Platteville, Wisconsin: World's Largest MIf you've ever wanted to stand next to a colossal "M," the place to do it is on a hillside outside of Platteville.
- W. Mound Rd, Platteville, WI
- Northeast of town. US Hwy 151 exit 19. Drive east one mile on County Rd Xx. Turn left (north) onto W. Mound Rd. Drive two miles to the M, on the right.
Visitor Tips and News About World's Largest M
Random road trip came across this giant "M" in the side of a hill in Platteville. The picture is not very good -- taking pictures while moving doesn't always work too well.[Ashley Craig, 09/30/2012]
Next time pull off for this one. Unlike most other giant letters carved into hillsides -- and there are others -- the Platte Mound M is right next to a side road that allows easy parking, and has a stairway up the hillside so you can really eyeball the letter.
The world's largest M was created by engineering students in 1936 who attended the University Of Wisconsin-Platteville. It was a mining school at the time. There are over 200 steps to reach the top, where a look-out telescope is located to see Platteville and surrounding areas. There are various trails and rocks to climb. The best time to go there is during the sunset, because it faces west.[Naomi, 06/10/2010]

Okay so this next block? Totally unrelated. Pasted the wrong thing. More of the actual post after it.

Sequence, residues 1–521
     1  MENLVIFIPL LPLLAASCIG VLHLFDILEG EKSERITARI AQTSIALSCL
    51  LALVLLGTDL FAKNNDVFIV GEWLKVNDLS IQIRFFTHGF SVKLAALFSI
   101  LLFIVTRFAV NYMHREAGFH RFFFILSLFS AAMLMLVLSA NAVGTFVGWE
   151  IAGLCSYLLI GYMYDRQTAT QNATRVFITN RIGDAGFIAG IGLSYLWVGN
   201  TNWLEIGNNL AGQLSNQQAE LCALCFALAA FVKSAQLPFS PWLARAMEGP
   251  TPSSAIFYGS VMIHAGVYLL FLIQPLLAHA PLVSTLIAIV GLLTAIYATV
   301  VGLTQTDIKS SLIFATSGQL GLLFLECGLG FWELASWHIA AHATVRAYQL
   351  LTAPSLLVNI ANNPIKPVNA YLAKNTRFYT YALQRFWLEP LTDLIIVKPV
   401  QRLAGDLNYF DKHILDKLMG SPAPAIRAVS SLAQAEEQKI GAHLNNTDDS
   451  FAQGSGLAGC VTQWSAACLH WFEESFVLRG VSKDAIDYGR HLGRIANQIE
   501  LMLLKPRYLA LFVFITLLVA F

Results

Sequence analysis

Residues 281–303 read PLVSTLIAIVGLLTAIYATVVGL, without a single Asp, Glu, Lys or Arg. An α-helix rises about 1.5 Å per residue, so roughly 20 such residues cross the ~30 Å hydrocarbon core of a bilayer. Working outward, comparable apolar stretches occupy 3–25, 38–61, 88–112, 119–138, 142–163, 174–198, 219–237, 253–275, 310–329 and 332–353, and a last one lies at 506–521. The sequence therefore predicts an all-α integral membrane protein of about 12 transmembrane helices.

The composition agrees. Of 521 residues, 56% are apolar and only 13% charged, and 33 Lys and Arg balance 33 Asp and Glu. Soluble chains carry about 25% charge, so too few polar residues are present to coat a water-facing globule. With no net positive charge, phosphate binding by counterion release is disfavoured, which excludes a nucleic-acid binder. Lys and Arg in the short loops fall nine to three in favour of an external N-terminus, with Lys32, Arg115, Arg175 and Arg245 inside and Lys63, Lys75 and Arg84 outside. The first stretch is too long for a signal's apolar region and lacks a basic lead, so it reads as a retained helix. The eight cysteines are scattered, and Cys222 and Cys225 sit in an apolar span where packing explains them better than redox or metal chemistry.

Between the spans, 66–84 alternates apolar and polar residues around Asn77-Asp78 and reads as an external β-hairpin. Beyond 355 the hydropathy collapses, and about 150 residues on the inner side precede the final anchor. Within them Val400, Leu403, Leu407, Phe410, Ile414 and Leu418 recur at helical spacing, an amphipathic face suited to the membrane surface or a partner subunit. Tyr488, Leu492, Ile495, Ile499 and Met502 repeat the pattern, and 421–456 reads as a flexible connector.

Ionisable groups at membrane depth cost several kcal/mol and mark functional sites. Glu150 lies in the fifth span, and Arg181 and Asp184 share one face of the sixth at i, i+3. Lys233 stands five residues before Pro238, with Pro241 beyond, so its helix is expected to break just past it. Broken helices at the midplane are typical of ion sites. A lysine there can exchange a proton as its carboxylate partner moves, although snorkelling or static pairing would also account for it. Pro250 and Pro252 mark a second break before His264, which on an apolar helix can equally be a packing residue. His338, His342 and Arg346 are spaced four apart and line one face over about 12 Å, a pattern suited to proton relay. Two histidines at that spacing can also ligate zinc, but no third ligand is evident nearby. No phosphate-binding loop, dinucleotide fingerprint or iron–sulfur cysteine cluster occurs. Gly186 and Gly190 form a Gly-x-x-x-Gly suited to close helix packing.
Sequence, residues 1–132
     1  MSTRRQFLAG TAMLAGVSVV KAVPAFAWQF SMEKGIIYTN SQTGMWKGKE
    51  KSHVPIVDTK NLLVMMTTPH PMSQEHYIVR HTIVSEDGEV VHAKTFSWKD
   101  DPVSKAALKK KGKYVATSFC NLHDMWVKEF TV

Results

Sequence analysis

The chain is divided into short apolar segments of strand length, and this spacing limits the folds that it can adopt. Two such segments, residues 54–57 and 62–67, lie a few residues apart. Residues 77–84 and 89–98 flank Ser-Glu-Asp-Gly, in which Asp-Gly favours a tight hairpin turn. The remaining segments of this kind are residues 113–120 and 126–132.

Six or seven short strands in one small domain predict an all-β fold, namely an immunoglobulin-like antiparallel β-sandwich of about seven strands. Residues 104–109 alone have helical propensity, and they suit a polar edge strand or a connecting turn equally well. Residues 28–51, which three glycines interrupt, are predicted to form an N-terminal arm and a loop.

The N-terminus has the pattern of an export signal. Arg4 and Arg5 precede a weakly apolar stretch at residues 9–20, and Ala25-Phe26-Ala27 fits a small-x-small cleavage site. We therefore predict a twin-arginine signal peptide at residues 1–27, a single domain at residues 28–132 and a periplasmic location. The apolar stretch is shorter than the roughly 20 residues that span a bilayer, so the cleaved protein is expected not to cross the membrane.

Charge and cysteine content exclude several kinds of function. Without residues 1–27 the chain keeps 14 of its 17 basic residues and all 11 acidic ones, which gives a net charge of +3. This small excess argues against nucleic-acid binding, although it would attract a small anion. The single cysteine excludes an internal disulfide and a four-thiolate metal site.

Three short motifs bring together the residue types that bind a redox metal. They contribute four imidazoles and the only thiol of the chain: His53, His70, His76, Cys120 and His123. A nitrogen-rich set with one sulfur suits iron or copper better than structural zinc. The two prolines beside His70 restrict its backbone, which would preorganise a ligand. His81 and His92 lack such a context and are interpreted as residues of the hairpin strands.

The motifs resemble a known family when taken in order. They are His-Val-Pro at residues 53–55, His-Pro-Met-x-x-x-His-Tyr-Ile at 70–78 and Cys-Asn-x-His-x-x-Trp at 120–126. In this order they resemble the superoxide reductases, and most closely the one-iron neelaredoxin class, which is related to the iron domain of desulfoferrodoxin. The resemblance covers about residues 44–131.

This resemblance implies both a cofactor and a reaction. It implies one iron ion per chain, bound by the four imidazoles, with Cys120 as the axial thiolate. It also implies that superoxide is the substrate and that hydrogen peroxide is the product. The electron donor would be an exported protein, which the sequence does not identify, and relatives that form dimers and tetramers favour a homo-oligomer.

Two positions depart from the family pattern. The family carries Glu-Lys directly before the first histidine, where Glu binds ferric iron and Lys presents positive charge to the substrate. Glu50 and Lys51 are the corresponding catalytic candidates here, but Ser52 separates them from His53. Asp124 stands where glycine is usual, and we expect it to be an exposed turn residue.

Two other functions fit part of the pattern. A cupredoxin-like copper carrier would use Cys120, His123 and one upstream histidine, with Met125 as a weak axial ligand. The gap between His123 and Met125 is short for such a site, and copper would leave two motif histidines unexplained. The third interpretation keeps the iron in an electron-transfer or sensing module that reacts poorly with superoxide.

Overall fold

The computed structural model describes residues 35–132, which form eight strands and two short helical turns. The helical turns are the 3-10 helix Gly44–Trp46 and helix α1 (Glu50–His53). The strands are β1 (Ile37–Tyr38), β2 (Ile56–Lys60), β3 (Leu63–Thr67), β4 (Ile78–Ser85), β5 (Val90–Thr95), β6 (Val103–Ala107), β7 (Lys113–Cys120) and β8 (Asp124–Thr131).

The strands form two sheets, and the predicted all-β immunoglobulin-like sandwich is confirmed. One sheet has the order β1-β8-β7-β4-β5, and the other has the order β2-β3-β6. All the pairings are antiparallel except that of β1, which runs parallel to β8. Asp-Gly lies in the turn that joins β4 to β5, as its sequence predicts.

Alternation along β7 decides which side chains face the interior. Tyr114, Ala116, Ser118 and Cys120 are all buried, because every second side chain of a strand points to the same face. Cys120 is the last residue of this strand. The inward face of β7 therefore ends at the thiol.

Originally built in 1937, the world's largest man-made "M" can be seen for miles around southwestern Wisconsin, and even as far away as Illinois and Iowa (which are both about 20 miles west).
Made of stones whitewashed every year by students at the University of Wisconsin-Platteville, the Big M is truly an amazing sight to drivers along U. S. Highway 151. It is over 200 feet wide and almost 250 feet tall. Unbelievably, there are smaller man-made "M"s in at least two locations -- Monona, Wisconsin and Golden, Colorado.
Twice a year, in the spring for the annual "M-Ball", and in the fall for Homecoming, the "M" is set afire and the blazing 13th letter can be seen as far away as Dubuque, Iowa. Actually, the whitewashed "M" itself is not lit. Smudge-pots are placed around the "M" and those are lit from a torch carried four miles by a runner from the University. No, the "M" doesn't stand for Platteville. It is actually a symbol of the old School of Mines.[Callen Harty, 09/23/2000]